From April to August 2016, import and export activity worth $808 million was registered in the Indian solar sector. During the five-month period, India exported solar modules and cells worth $45 million, and imported modules and cells worth $763 million. Compared to the same period in 2015, exports have increased by 66 percent and imports have grown by 53 percent.
China continues to be the single largest exporter of solar modules and cells to India accounting for 85 percent of India’s total solar imports. Malaysia is the second largest exporter to India accounting for a 9 percent share of India’s overall imports. To achieve the target of 100 GW solar by 2022, the scale and rate of installations have been ramped up.
“The present domestic manufacturing capacity is not adequate to cater to the yearly rollout targets,” commented Shri Piyush Goyal, Minister of Power in response to questions from Rajya Sabha.
Cheaper Chinese components have led to the growth in imports.
The United Kingdom is the single largest importer of Indian solar modules and cells, accounting for 36 percent of India’s total solar exports. However, UK solar market is forecast to slowdown going into 2017. Italy accounts for 11 percent of exports, followed closely by China with 10 percent.
“Indian manufacturers are mostly focused on export markets as this helps in increasing their profits. In India, developers are keen on using cheaper modules and cells as they grapple with project viability at aggressive tariffs,” commented an official at India’s Ministry of Commerce. “For Indian manufacturers looking outside, this is the way to earn a profit as scaling up manufacturing to reduce price is a costly affair.” He also said that for exports to grow in volume, India needs to grow its large-scale manufacturing capacity.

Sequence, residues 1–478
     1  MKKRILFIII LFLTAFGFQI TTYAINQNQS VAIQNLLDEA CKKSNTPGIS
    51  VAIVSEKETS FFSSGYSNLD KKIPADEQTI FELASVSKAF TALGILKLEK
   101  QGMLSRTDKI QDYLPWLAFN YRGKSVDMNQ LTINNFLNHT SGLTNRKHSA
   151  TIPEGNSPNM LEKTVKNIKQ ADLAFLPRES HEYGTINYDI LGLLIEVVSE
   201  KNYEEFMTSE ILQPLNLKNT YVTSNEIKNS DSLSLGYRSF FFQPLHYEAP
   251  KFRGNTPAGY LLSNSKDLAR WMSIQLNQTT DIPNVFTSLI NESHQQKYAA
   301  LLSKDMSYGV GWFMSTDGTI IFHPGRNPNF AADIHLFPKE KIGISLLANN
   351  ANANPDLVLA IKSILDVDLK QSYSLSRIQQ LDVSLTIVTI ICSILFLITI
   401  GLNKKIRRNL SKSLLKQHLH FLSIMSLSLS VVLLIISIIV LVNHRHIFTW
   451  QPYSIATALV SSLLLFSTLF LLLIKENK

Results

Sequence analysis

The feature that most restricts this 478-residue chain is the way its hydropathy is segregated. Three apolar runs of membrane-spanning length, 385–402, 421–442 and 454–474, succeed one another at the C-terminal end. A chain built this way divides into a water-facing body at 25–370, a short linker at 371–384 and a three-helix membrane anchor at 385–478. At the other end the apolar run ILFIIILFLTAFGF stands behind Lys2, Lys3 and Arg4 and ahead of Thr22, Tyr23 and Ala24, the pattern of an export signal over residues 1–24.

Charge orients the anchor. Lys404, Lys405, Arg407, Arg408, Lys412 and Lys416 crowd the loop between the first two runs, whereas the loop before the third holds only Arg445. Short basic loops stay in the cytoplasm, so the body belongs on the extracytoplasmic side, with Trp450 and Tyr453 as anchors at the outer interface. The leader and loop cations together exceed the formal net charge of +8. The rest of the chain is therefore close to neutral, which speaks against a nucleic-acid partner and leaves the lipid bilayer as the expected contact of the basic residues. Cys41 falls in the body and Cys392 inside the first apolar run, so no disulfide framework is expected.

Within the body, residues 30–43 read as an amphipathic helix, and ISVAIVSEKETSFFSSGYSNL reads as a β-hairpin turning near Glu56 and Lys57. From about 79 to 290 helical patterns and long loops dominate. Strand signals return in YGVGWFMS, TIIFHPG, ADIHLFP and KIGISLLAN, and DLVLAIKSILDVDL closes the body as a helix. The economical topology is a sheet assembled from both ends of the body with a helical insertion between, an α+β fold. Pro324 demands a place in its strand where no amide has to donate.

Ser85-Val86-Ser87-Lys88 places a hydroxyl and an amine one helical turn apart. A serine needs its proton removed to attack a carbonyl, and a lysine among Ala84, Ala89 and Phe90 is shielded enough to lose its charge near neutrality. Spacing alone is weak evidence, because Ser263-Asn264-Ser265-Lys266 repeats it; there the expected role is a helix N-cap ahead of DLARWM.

“To help the manufacturing sector, the Government is providing support to domestic manufacturers through a provision of reserving some capacities for domestic cells and modules which gives them assured market,” stated Shri Piyush Goyal, Minister of Power, in a written reply to the Rajya Sabha.
According to Mercom’s India Solar Project Tracker, 9.3 GW of solar projects have been installed out of the proposed 100 GW. With another 91.2 GW of solar to be installed by 2022, solar component imports are only going to increase.
Raj is a recognized thought leader in clean energy markets where his work has influenced policies worldwide. He has a deep understanding of regulatory policy and clean energy markets and his market and opinion pieces are regularly published on both MercomIndia.com and other leading publications globally. Raj is also a regular speaker and presenter on clean energy policy and finance topics at conferences worldwide. Raj attended the KLE College of Science in Bangalore, India for physics and chemistry, and holds a Bachelor of Science Degree in Hotel and Institutional Management from Johnson and Wales University, Rhode Island. More articles from Raj Prabhu.